I first heard about Mount Hua (one of China’s five sacred Daoist mountains, not far from Xian in Shaanxi province) the best part of a decade ago, while planning a trip in central China. Back then the mountain was only really famous in China itself, and I had to look at Chinese language guidebooks to find out much about the place. Looking at the photos of smooth, soaring cliffs of granite, I was immediately determined to go. The photo that really struck my eye was of the Plank Path (長空棧道) on the sheer cliffs of the mountain’s South Peak; it looked so amazing I thought it couldn’t be real. Continue reading
For some reason Mount Wudang (武當山), a couple of hundred kilometers northwest of Wuhan in China’s Hubei Province, doesn’t make it into the list of five sacred Daoist mountains, and yet it’s sometimes regarded as the most important Daoist Mountain in the kingdom. Figure that one out.
Mt Wudang owes its historic significance to the fact that it was here that Taiqiquan was ‘invented’ around a thousand years ago: the familiar story – a monk being inspired by a battle between a bird and a snake – happened right here, in this deliriously lovely spot that now attracts fit hikers and lazy tourists alike with its winning combination of ancient and very atmospheric temple architecture and magnificent natural beauty. Continue reading
Three peaks and just over a week into our Chinese hiking trip this summer, our energy levels were getting low, plus there was a definite need to slow down and relax for a day or two. According to the original plan, the next destination was Wuhan, in transit to Mount Wudang. Now Wuhan must be one of the least relaxed, least relaxing destinations in China, if not on the planet, so we suddenly had an urgent need to revise our plans or run the very real risk of driving each other crazy.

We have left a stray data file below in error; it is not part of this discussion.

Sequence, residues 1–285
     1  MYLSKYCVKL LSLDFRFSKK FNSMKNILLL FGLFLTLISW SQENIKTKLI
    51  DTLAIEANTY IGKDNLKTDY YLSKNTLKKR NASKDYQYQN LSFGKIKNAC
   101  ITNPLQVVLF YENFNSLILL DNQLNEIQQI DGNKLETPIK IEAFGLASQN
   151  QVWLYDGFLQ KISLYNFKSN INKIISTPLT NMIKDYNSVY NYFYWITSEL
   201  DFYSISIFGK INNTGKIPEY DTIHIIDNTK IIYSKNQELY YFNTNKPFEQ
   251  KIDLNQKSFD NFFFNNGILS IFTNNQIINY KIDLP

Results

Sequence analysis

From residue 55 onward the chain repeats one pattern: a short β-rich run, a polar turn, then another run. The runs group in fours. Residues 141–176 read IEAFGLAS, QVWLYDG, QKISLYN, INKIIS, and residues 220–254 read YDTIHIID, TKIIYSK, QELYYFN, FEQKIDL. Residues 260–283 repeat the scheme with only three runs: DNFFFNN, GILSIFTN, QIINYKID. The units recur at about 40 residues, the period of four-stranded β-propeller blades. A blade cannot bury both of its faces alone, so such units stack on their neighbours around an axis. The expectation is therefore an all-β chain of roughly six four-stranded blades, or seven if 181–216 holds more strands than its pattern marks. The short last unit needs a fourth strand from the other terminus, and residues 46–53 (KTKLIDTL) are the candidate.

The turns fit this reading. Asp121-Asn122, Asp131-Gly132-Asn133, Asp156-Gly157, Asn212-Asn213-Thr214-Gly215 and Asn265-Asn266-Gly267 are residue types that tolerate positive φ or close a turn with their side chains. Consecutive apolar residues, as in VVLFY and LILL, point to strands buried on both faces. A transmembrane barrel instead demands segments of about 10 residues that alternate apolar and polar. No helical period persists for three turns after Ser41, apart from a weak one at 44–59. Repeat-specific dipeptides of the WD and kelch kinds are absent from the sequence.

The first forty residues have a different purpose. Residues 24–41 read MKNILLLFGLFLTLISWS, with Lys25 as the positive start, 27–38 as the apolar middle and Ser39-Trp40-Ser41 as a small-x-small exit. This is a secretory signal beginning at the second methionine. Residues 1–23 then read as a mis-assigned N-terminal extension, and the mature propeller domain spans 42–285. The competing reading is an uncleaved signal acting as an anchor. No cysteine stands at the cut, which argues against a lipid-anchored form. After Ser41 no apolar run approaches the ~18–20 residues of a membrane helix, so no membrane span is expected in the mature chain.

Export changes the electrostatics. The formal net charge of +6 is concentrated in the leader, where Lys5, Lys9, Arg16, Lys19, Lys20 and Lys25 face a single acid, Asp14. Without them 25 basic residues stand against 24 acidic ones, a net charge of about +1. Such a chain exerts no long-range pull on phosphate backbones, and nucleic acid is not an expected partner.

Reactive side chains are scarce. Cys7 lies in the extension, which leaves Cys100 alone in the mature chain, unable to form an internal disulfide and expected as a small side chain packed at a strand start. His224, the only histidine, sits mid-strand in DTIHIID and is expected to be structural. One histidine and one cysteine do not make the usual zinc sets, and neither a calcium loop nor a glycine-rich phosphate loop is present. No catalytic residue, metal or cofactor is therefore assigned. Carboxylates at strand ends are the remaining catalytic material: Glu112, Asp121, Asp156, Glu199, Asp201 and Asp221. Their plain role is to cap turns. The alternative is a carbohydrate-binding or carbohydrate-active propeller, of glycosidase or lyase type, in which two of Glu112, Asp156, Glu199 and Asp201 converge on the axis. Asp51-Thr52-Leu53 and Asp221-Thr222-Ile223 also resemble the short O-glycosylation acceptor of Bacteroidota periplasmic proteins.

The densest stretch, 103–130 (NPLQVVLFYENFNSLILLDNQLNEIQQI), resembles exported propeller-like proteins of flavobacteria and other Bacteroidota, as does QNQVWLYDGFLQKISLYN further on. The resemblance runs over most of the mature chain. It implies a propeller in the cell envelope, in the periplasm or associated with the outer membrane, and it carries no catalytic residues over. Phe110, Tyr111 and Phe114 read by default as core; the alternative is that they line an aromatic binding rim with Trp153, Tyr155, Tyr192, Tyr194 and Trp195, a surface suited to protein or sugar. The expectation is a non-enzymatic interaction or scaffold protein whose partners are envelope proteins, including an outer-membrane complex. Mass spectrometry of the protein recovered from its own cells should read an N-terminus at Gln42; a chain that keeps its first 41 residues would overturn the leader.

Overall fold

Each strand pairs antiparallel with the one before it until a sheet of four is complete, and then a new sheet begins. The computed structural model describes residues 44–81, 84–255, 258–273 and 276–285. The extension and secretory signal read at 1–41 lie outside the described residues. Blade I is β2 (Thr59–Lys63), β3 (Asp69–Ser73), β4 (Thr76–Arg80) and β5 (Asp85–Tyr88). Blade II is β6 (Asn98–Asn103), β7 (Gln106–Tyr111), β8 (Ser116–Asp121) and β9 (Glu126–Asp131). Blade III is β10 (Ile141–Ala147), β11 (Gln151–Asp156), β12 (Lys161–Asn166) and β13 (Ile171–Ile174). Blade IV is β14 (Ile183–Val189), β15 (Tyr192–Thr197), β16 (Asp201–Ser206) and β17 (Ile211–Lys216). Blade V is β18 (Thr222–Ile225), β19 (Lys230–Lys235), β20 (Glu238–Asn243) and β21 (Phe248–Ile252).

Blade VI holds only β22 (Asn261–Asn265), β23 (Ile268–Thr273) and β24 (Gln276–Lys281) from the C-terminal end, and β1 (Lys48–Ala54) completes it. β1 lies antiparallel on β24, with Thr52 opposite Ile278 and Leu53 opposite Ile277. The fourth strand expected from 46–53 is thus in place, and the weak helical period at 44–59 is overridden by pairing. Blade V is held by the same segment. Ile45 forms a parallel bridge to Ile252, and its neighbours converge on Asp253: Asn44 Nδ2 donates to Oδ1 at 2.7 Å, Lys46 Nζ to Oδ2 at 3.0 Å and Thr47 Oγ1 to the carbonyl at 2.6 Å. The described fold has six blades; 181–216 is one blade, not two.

For all the adjectives that immediately spring to mind when discussing China, ‘relaxing’ isn’t one that comes up often, so leaving Zhangjiajie after an intense two-days’ hiking, it was pure luck that the enchanted Miao minority settlement of Dehang (得夯) was just a few hours away by bus. Continue reading
Right, I’m going to keep this short: if you ever get the chance to fit Zhangjiajie (張家界) into a China trip, leap at the chance! However to get the most of it, you’d do well to be super-fit and have a couple of days to enjoy the experience to the full, because (although you’ll run the risk of getting pinnacled-out if you stay too long) Zhangjiajie is HUGE, and there’s a lot of magnificent walking to be hade here.
Of all the six mountains and scenic areas we visited on our summer hiking trip around China this year, Mount Heng (衡山; the southern peak of China’s five sacred Daoist mountains, and not to be confused with the other Mount Heng, near Datong in Shanxi Province) gave us perhaps the biggest surprise.
There’s no doubt about it; whatever you feel about the regime there, the rudeness of the people, and everything else, China is one of the world’s most extraordinary, amazing, friggin’ mind-blowing destinations! Continue reading
I’m off to China this summer for the first time in four years to pay a return visit to a few of my (many, many) favorite destinations in this vast, vastly frustrating, but incomparably wondrous country, and planning for the trip has led me to think about the many fantastic hiking spots that I’ve explored in the country. I thought I’d briefly describe the peaks and other hiking destinations I’ve visited so far in the hope that it convinces someone to look further than the standard tourist sites and explore more of the riches that China has to offer the active tourist. I’ll write in more detail about the main peaks I plan to revisit after my return, but in the meantime, here’s an appetizer of what you’re missing out on if you’ve never hiked in China beyond the tourist stretches of the Great Wall. And there’s so much more out there as well…. Continue reading